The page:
The EESC welcomes the Investment Plan for Europe as a step in the right direction, which however faces serious questions about the Plan's size and timescale, the high degree of leverage expected and the potential flow of suitable projects. The Plan proposes that contributions to the European Fund for Strategic Investments (EFSI) from Member States will not be included in budget deficit calculations and this is to be welcomed, but it begs the question as to why ongoing strategic public infrastructure expenditures are not treated in the same way. Strategic public investment which underpins present and future economic development should be incentivised by a more benign European fiscal framework.
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The EESC endorses the aims of the Commission proposals in the area of the CCCTB and recommends the greatest efforts be made to pursue the CCCTB by consensus. The Committee recognizes that the Commission relaunched the CCCTB proposal both with the objective to aid the single market and to combat aggressive tax planning, attributing income where the value is created.
The EESC is in favour of creating a Pan-European personal pension product – PEPP but is unclear as to whether the investment arising from this initiative will remain within the EU and on the impact on labour mobility across the EU. Every effort, by way of tax relief, should be provided to encourage as many workers as possible to take up personal pension products. The EESC emphasises the need for consumer protection and risk mitigation for savers during the course of their working lives and on retirement. The EESC also underlines the importance of the role of the European Insurance and Occupational Pensions Authority (EIOPA) in monitoring the market and national supervisory regimes with a view to achieving convergence and consistency across the EU especially regarding the governance structure for PEPPs within any provider.
The EESC is of the opinion that persisting imbalances as well as the creation of trust and confidence across Europe require more effective and democratic economic governance, notably in the Eurozone. It has become clear that the current system of rules underpinning the EU, and particularly the euro area, has created confusion on the legal, institutional and democratic fronts. A new approach is therefore needed. With this in mind, the Committee presents its contribution to the new five presidents' report which will propose next steps on better economic governance to the European Council in June. The EESC contribution summarises the different stages and puts forward institutional proposals and preparatory initiatives regarding the completion of the political pillar of the Economic and Monetary Union.
The EESC welcomes the Commission proposal for a Council Directive to improve double taxation dispute resolution mechanisms in the EU. Double taxation is one of the biggest tax obstacles to the Single Market. There is an urgent need for mechanisms ensuring that cases of double taxation are resolved more quickly and more decisively when they arise between Member States. Therefore it is urgent to implement this proposal.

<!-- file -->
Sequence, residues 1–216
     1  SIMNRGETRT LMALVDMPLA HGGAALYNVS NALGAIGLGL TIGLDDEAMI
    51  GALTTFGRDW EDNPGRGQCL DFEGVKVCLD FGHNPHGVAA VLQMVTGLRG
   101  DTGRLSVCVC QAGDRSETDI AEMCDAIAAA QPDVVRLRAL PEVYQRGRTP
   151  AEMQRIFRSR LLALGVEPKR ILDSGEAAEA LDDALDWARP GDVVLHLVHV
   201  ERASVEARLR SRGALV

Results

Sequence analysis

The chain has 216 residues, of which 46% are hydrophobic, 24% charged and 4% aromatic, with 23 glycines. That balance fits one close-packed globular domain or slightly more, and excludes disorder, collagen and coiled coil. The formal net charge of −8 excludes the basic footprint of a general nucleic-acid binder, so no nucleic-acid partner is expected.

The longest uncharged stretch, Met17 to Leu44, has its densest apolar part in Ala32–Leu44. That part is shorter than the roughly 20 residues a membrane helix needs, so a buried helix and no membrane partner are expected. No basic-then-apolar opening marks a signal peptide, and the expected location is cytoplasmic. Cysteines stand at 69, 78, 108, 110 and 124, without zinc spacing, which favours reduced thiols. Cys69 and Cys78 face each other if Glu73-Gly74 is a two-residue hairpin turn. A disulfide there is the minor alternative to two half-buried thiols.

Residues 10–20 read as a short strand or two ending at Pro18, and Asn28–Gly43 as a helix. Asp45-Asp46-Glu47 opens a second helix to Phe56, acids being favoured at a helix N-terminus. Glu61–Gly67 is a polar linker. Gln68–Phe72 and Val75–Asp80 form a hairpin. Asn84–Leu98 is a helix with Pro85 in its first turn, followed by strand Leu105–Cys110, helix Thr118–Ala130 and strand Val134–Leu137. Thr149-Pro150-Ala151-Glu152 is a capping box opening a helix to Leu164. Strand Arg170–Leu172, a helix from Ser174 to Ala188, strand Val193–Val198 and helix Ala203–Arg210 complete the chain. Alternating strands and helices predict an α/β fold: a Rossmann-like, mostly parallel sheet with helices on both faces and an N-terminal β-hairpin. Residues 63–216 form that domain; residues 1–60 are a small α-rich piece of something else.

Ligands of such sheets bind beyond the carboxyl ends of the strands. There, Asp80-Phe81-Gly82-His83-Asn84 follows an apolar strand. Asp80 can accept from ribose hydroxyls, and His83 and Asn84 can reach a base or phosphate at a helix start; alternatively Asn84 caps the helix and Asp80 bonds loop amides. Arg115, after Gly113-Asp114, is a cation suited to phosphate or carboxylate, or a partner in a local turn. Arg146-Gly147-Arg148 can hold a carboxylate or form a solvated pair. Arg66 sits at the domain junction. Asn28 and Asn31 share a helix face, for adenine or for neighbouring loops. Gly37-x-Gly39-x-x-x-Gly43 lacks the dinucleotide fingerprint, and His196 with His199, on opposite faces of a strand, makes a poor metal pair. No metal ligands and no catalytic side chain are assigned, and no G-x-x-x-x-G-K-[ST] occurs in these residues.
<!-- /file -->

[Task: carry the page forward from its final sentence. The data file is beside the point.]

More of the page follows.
The EESC appreciates the proposed roadmap for completing the European Economic and Monetary Union (EMU) but its support is not full and enthusiastic, since a number of social, political and economic issues, highlighted in our previous opinions, were not taken into consideration. The completion of the EMU requires first of all strong political commitment, efficient governance and better use of the available finances, in order to actually cope with both risk reduction and risk sharing among Member States. For these reasons the EESC underlines that the principles of responsibility and solidarity at EU level should go hand in hand.
The EESC welcomes the Proposal for a Directive presented by the European Commission, through which the Commission is continuing to implement the measures included in the action plan to strengthen the fight against tax fraud and tax evasion. Information on advance tax rulings and advance pricing arrangements is very important and can help the Member States to trace artificial transactions. The EESC recommends that the Member States make efforts to ensure that the provisions of the proposal for a directive are transposed correctly.
The EESC welcomes the package on the modernisation of VAT on cross-border e-commerce, and endorses both its objectives and its focus on addressing the concerns of SMEs. The Committee welcomes the proposed extension of the MOSS to goods as it creates conditions for the possible removal of the Low Value Consignment Relief (LVCR) scheme. Furthermore, the amendments to the VAT rates applicable to e-publications rules would eliminate the distinction between physical and non-physical publications, and ensure neutrality in this market.